I Puritani was Bellini's last opera; he died, age 33, about seven months after its premiere. It is considered and "essential piece" in the Bel Canto repertory, but is infrequently performed, due to its casting requirements. To do justice to the score requires four principal singers with the ability to perform the intricate vocal gymnastics associated with coloratura singers. These demands are particularly difficult to fulfill as to both tenor and soprano parts.
The 2007 Met performance from which this disc was made, was staged to display the amazingly talented Anna Netrebko, using sets that were designed in 1976 for another great soprano, Joan Sutherland. Seeing and hearing Netrebko, and having the CD performance with Sutherland with which to compare it, makes it abundantly clear what an amazingly talented person Anna Netrebko is. In my opinion, she is one of the finest sopranos of our time. For those who doubt (and there are several), one only needs to jump to "Qui la voce sua soave" in Act II, where Netrebko displays awesome vocal and dramatic talents.
Remember, gentle reader, that in the early 19th Century, women who were stressed were expected to do one of three things: die, faint or go bonkers (One might validly state that this attitude persisted until Rudyard Kipling penned his immortal "The female of the species is more deadly than the male", but I digress ...). Perhaps the most famous mad scene is that in Lucia di Lammermoor, but that is far from the only example in Bel Canto opera. In Puritani, Elvira has two mad scenes and arguably three, since her ... derangement ... persists into the final act. Each of them allows for the utmost vocal and dramatic skills to pull off convincingly. "Qui la voce", noted above, is at the heart of the Act II mad scene and lasts for about 17 minutes. To say it is "demanding" is not only "to state the obvious" but to understate it. For some of the most demanding bars, Netrebko lies on her back, long hair spilling into the orchestra pit and sings ravishingly.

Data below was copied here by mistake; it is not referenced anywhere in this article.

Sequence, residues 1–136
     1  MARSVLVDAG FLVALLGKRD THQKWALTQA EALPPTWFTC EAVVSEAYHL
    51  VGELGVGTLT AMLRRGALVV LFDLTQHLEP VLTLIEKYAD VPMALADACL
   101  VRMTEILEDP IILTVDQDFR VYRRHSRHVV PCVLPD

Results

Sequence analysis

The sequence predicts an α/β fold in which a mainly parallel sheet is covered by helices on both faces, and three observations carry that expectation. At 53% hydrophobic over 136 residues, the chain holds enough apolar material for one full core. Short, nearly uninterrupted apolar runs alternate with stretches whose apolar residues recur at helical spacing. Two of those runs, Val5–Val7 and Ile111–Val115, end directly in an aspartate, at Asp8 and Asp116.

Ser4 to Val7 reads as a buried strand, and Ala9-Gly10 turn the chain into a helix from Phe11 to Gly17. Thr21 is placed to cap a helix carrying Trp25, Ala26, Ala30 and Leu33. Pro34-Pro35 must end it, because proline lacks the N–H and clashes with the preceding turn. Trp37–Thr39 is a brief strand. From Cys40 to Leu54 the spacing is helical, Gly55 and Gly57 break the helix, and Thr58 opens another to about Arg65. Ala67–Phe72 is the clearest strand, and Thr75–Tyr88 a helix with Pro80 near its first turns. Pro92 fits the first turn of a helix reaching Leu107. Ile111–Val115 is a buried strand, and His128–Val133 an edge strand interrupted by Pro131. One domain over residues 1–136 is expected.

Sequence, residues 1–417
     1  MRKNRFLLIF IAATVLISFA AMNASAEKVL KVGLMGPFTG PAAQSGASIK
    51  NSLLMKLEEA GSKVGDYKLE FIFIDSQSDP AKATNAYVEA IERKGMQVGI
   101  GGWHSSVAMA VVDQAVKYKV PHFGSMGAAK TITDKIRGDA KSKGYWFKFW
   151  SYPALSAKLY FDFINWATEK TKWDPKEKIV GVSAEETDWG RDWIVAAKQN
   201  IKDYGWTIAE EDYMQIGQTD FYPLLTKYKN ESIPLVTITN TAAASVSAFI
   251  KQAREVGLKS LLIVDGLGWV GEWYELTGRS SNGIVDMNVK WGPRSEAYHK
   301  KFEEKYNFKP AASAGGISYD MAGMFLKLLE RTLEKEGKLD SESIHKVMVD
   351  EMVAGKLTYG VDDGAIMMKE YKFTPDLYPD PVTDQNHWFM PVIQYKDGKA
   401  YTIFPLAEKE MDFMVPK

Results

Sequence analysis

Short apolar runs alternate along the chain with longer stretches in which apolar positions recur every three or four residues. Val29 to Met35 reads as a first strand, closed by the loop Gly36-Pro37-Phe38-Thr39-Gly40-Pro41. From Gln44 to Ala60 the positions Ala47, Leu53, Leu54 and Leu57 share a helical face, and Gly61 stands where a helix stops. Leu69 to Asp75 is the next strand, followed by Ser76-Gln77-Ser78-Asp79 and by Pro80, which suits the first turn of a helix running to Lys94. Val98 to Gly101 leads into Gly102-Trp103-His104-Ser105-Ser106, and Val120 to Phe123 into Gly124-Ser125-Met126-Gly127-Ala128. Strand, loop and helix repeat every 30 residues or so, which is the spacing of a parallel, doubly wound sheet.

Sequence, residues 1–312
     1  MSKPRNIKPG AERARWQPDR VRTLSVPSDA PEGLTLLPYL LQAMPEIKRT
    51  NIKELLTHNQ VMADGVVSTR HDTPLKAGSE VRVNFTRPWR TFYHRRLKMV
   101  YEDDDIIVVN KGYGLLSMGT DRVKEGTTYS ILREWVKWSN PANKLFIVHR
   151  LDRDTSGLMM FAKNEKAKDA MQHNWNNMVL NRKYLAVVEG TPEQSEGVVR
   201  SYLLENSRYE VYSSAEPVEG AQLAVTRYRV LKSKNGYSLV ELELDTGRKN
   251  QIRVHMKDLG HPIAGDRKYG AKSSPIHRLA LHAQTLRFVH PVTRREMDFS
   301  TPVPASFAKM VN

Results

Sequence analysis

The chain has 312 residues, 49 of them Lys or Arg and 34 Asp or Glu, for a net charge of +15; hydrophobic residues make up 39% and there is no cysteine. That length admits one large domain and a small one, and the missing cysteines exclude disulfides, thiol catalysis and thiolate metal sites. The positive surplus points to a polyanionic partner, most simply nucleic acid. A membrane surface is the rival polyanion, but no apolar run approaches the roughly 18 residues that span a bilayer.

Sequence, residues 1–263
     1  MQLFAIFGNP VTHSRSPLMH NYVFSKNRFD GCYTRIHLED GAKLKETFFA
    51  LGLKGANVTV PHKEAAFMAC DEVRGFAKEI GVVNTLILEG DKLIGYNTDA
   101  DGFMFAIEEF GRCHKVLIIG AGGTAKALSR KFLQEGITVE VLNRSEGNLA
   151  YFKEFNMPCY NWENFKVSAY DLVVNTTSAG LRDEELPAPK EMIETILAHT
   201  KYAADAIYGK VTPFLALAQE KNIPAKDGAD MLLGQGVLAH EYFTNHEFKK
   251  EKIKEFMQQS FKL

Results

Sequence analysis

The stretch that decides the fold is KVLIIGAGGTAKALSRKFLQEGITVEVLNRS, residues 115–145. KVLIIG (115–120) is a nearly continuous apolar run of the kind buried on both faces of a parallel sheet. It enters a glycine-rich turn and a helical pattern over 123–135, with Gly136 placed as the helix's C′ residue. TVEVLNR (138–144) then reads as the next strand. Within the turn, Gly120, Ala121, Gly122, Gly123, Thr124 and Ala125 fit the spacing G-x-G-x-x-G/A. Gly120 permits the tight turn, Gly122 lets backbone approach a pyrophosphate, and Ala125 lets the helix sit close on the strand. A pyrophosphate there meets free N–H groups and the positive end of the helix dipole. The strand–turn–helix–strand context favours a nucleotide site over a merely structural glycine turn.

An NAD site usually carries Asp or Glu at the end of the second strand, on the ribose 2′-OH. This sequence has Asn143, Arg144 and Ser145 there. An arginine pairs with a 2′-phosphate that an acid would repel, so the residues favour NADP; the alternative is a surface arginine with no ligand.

Critics of Netrebko go on about the lack of an extended top, but quality soprano singing is a lot more than E flats and above. Warmth and suppleness of voice, fluid runs and the ability to synthesize emotion into tone are just a few aspects. Netrebko surely pulls out all of the stops, but recall that at the beginning of this (or any) opera,a singer has to asses his/her performance from the perspective of being able to sing well for several hours (about 2 1/2 here). So the ability to push the envelope in Act II, yet have reserves for the final, demanding scene is not insignificant.
I delayed for some time in getting this disc, mainly because the reviews of the DVD pointed to "tenor issues". Recall that both Pavarotti and Gedda had serious issues with the extended range of Arturo's part. Only Juan Diego Florez has done it well on DVD, and, if memory serves, even that splendid bel cantist no longer sings it. I could give several technical reasons why Eric Cutler's performance is not the best, but in all fairness, any tenor who can finish this opera without herniating himself deserves credit. So while "tenor issues" exist, they are insufficient, in my opinion, to dissuade one from getting this disc.
The remaining principals are also quite good, with special kudos to the very talented Canadian bass, John Relyea and baritone Franco Vassalo who complete this "Puritani Quartet" (the term of course was coined to reflect the qualities of the original four, Grisi, Lablache, Tambourini and Rubini who made lots of lira from the nickname).
Chorus and orchestra do exceptionally well under the baton of the very talented Patrick Summers. I am most fond of both the Met Orchestra, arguably the best on the planet, and the chorus, which combine vocal skills with serious dramatics..
Disc quality in Blu ray is superb; it's the perfect visual and auditory display of this marvellous performance.
One heart warming extra feature is the appearance of one of the most exceptional Elvira's of the 20th Century, Beverly Sills, seen and heard here discussing the opera's challenges just a few months before her death.
Not to be missed, gentle reader.
- Actors: John Relyea, Franco Vassallo, Eduardo Valdes, Anna Netrebko
- Directors: Gary Halvorson
- Format: Blu-ray, Classical, Color, DVD, Multiple Formats, NTSC
- Language: English
- Subtitles: German, English, French, Spanish
- Region: All Regions
- Aspect Ratio: 1.78:1
- Number of discs: 1
- Studio: AID
- DVD Release Date: 18 Nov 2008
- Run Time: 140 minutes
- Average Customer Review: Be the first to review this item
- ASIN: B001CZVVV4
Amazon Bestsellers Rank:
2,116 in Movies & TV (See Top 100 in Movies & TV)
- #1551 in Movies (Movies & TV)